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The Tactical Chapter 7 13 Bankruptcy Manual

The Tactical Chapter 7 13 Bankruptcy Manual


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Published by ntshadow
Step by Step How to File Chapter 13 and Chapter 7 Bankruptcy from Bankruptcy-Divorce.com
Step by Step How to File Chapter 13 and Chapter 7 Bankruptcy from Bankruptcy-Divorce.com

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Published by: ntshadow on Dec 27, 2008
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This is a fictional example of bankruptcy planning and strategy taken from two true stories.
Federal law prevents any attorney from advising you to borrow before filing Bankruptcy. So we
will not give that kind of advice to you, but this is an example of borrowing so that there is no
equity left for the Trustee to take.

It is 2007. James X has a $190,000 dollar house. His family only makes 40,000 a year. He used
to be able to afford his credit cards but his wife became disabled and now he is close to losing his
home. The home has a $100,000 dollar mortgage and James has $100,000 in credit card debt. At
this point James is still up to date on all of his debts. The interest rates on the cards are close to
21% and he can barely pay the interest. At 21% they double every 3 years. Because he has
$90,000 in equity he can’t file a Chapter 7 bankruptcy without losing his home. He is allowed to
keep $20,000 for himself and $20,000 for his wife if both of them are on the Deed but the
mortgage and the exemption equal only $140,000 not $190,000. His only initial choices are to
file a Chapter 7 and let his home go to the bankruptcy court or to file a chapter 13 and repay at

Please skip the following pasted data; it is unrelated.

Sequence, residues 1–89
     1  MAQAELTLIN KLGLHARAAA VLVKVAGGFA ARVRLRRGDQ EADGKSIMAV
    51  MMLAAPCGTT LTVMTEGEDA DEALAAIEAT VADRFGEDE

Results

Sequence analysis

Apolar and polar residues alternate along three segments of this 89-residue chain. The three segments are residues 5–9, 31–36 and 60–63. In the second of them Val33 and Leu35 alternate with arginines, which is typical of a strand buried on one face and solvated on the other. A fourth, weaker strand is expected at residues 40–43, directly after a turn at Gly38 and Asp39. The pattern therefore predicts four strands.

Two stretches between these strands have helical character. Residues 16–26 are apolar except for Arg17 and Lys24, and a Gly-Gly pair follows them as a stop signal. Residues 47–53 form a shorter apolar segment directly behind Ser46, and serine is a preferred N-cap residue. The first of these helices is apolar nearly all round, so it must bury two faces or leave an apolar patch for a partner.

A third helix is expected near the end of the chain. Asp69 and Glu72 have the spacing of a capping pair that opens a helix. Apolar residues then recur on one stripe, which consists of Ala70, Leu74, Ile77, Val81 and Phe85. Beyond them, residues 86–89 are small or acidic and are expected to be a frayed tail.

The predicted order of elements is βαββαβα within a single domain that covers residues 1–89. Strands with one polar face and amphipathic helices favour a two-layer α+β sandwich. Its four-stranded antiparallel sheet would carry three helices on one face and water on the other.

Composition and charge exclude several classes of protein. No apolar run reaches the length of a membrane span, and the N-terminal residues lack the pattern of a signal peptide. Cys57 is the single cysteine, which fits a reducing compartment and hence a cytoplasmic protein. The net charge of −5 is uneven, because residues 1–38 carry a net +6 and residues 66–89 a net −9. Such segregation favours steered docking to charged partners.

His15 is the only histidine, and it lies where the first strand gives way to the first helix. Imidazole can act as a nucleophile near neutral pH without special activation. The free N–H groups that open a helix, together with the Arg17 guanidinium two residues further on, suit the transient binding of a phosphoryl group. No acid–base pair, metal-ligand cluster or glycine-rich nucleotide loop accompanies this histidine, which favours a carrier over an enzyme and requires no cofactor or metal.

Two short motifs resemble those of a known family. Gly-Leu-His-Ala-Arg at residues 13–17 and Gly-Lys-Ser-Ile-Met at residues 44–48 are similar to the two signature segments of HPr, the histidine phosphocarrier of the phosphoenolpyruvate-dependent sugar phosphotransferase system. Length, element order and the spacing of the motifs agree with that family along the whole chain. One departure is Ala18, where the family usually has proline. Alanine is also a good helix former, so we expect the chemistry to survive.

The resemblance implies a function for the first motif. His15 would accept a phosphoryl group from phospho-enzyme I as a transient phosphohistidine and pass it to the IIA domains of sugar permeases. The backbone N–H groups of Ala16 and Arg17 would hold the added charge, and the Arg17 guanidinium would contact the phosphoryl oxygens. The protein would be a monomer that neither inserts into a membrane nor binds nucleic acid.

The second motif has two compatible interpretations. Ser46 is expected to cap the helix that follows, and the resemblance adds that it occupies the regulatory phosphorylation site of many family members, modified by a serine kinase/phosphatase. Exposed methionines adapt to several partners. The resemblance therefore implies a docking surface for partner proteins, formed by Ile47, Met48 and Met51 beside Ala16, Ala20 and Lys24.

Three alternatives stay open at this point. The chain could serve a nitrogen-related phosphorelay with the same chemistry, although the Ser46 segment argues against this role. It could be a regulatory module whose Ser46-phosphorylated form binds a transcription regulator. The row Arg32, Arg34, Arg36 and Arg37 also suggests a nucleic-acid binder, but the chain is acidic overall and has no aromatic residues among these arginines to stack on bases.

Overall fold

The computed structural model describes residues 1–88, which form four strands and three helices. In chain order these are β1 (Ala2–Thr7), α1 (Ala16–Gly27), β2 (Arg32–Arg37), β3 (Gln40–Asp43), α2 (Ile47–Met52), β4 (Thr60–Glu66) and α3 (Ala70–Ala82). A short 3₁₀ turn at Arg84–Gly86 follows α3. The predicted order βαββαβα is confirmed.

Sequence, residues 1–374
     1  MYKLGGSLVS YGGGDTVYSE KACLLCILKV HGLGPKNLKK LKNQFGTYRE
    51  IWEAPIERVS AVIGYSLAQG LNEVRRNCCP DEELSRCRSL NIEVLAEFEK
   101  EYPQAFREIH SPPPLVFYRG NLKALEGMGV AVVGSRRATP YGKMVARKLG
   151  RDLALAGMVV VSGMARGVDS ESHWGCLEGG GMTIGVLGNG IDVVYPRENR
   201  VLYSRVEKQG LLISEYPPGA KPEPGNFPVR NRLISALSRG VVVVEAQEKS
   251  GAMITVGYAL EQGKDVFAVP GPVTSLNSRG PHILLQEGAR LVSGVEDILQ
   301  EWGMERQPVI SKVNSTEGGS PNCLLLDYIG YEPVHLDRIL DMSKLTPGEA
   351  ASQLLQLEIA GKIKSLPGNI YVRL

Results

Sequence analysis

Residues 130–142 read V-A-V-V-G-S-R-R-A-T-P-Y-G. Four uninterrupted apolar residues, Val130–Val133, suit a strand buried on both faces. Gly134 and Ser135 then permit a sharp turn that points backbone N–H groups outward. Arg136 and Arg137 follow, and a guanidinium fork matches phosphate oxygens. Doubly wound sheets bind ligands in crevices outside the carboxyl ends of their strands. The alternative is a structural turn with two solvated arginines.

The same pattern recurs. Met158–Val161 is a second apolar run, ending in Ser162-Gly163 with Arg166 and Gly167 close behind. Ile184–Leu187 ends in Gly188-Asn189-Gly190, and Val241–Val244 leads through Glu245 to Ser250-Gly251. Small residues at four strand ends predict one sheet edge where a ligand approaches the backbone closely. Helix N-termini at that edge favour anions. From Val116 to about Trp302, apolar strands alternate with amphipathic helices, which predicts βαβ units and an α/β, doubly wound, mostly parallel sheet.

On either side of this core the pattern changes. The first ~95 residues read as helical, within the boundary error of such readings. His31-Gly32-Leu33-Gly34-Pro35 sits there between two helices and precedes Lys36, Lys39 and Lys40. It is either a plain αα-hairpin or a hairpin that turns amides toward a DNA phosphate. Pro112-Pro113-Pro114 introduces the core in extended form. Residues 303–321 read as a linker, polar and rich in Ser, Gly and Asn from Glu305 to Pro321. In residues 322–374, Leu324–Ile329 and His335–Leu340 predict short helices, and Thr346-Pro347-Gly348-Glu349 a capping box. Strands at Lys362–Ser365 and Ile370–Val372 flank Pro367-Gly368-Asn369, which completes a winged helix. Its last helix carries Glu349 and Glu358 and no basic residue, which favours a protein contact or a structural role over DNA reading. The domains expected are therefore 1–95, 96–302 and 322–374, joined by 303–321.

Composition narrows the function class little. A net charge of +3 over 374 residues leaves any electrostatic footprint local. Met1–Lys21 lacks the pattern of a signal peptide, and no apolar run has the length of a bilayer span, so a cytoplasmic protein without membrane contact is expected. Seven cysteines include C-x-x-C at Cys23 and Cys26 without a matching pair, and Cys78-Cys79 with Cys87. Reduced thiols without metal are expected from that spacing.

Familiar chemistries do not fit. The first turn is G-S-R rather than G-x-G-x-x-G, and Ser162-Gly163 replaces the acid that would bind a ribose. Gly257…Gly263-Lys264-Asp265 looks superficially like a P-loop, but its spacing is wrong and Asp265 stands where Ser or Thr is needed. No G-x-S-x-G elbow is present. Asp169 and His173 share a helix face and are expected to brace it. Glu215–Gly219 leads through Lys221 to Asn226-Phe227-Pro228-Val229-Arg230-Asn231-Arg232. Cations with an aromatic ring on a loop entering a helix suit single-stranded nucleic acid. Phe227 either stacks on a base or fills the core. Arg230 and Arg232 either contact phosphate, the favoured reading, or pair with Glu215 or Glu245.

least $50,000 dollars to the bankruptcy court over the next 5 years at over $1,000 per month. If he
misses payments in his Chapter 13, he will be tossed out of court.

The Tactical Bankruptcy Manual, © 2007 Nick C. Thompson. All Rights Reserved.


James also owes $20,000 on his 2002 GMC Truck to Ford Motor Credit, but it is only worth
$10,000. James also has two old junk cars a 1992 Firebird and a 1990 Jeep Cherokee neither cars
have a motor or transmission. Both are worth only $500 book value.

He refinances his 9% mortgage and gets a 6% mortgage with $50,000 dollars for $10,000 in car
and $40,000 in home repairs. He replaces his carpet, roof, driveway, furnace and purchases siding
for his home doing only overdue maintenance on his possessions. He also replaces the air
conditioner, seats, carpet, engine, transmission and tires on his 12 year old Firebird and Jeep
Grand Cherokee with about $10,000 making them like new. Three months later he files
bankruptcy. He keeps his house and exempts his car for $3,000 dollars and his Jeep for another
$2,000 dollars which is the book value. The $100,000 in credit card debt is gone and no Chapter
13. The 2002 GMC truck goes back or he redeems it for $10,000.

James no longer has a car payment. He lowered his monthly house payment and may owe less in
the long run on his home. There was nothing illegal about any of what he did. James planned his
bankruptcy instead of letting it happen to him. An even better example is in our next section on

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